Movie Review – Collateral Beauty

TL;DR – Collateral Beauty has me wondering how projects in Hollywood gets greenlit, how did this mess of a film pass through so many different layers of approval, and at no point did someone go ‘Hey maybe this is a terrible idea for a film’

Score – 2 out of 5 stars

Collateral Beauty. Image Credit: Warner Bros.


It is ironic that a film about an advertising company would be lambasted in the press and critic circles for the advertising of the film. Indeed, all of this would actually be quite amusing if not for the fact that Collateral Beauty fails spectacularly on nearly every front. How a film with this much talent, yet such a clearly terrible premise for a film, got put into production I do not know. Of course there are a few saving graces for Collateral Beauty, which is what stopped it from getting a lower score than this, but I can tell you right now, unless we have a truly terrible year for cinema I know this will be on my worst films of 2017 list, and we are only three films into the new year.

Now I do have to say from the start I went into Collateral Beauty already knowing some of the fallout from its advertising campaign, so it was not as blank a slate as I would like before I watch a film, and I cannot exclude the possibility that some of this rubbed off on me and impacted on my enjoyment of the film. However, I don’t feel this was the case, as I am by far not the only person to take issue with the structure and other elements of Collateral Beauty, but also, this is a film which is in a genre which always affect me on an emotion level, and Collateral Beauty fell flat for me. For that to happen the film would have to be working hard to stop me from connecting with the emotions on screen. Now because one of the big issues with Collateral Beauty happens right at the start and continues throughout the film, there is no real way to analyse the film without immediately heading into spoilers, for that reason [SPOILERS] will now be engaged for the rest of the review.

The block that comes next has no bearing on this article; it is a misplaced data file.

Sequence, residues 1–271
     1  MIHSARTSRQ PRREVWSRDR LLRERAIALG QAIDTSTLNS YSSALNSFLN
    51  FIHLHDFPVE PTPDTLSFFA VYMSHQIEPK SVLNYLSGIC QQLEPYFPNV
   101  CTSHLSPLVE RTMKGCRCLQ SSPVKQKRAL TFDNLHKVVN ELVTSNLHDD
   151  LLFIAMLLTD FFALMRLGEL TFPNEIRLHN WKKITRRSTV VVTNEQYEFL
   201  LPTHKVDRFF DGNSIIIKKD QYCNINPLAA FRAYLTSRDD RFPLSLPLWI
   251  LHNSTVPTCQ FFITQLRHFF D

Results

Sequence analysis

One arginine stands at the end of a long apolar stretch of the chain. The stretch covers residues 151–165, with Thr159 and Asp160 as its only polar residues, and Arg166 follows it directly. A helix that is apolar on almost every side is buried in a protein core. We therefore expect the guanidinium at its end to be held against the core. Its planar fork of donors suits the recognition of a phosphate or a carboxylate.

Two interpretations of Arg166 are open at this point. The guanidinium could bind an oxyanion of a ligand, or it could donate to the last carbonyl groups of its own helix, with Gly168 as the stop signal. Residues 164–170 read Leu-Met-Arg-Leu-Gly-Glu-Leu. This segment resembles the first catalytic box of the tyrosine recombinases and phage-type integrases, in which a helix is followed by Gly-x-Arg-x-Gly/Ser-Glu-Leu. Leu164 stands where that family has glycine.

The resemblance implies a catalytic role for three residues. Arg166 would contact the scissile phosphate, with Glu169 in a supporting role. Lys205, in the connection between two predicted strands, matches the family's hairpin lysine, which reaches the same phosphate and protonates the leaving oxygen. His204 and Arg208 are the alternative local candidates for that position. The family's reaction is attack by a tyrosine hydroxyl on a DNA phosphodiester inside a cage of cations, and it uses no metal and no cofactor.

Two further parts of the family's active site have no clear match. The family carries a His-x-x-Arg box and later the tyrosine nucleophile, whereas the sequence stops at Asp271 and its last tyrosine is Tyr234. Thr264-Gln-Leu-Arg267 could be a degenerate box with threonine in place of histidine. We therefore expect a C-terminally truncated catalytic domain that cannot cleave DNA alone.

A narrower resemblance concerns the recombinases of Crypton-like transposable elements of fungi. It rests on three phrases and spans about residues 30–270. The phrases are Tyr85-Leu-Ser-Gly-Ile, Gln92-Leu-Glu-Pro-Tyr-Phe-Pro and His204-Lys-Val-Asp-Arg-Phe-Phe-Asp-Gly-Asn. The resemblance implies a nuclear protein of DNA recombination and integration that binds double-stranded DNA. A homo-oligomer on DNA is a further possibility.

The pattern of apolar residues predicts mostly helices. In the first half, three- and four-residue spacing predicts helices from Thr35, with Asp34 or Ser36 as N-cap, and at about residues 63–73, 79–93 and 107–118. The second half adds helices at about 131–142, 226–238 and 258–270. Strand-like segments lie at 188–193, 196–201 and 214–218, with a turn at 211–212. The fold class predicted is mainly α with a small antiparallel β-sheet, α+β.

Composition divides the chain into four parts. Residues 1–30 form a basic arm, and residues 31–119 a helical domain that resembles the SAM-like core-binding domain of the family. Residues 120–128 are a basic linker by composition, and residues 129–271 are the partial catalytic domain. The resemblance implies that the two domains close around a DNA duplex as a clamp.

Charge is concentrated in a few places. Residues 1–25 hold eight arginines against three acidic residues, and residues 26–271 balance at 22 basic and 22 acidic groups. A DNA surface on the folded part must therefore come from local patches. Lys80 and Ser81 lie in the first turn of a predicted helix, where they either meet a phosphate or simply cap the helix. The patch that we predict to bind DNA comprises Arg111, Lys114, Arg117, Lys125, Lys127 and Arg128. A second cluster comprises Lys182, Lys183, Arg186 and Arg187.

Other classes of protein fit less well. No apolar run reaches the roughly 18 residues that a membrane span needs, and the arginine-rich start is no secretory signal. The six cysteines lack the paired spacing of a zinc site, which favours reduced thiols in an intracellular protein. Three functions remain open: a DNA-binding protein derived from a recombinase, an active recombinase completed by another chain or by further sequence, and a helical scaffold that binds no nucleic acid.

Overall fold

These are some truly terrible people. Collateral Beauty. Image Credit: Warner Bros.
These are some truly terrible people. Image Credit: Warner Bros.

Before we get started we need to set the scene, Howard (Will Smith) is the head of a very successful advertising company that he helped found and build with Whit (Edward Norton), Simon (Michael Peña) and Claire (Kate Winslet). Everyone is happy because the firm is successful, building itself on three principles Love, Time, and Death, which is the focus of their advertising. Everyone is happy and having a good time, and then jump cut to three years later and everything is a mess. Howard is off building domino contraptions on his desks and not working. We soon find out why in the last three years he lost his daughter and he is not dealing with the loss at all. This is a good start for a story, add upon this, Howard starts writing to Love, Time, and Death as a way of dealing with his death, and you have the set up for a fascinating look at grief, death, loss, and finding meaning after tragedy. Or this would have been a good set up if this had been a competent story, produced by people with some understanding of how emotion works.

So let’s work through the thought process of Howard’s ‘friends’ and co-workers Whit, Simon, and Claire as they deal with this situation. Since Howard is not working, and he was their main link to several clients, business is drying up and there has been a takeover offer given for the company, but Howard controls 60% of the votes needed to sell, so what do you do. Well, first you hire a private investigator to follow him around to see if he does anything that they could use to declare him impaired (because only coming into work to build domino contraptions is not enough), which only found those letters. So when that fails what do you do?, oh you pay three theatre actors Amy (Keira Knightley), Raffi (Jacob Latimore ) & Brigitte (Helen Mirren) to approach Howard as the personifications of Love, Time, and Death respectively, and confront him over the letters. Now when this does not work what do you do? Oh, you get those actors to confront him again, film it all, delete the actors in post-production, and use the film of him yelling into thin air as evidence as to his impairment. Ok, let’s take a moment to absorb all that, these are terrible people, truly awful, and yes the movie goes out of its way to show that they all had motivations, but that does not change the fact that they are truly awful people.

This could have been an interesting story, if it had been handled better. Collateral Beauty. Image Credit: Warner Bros.
This could have been an interesting story, if it had been handled better. Image Credit: Warner Bros.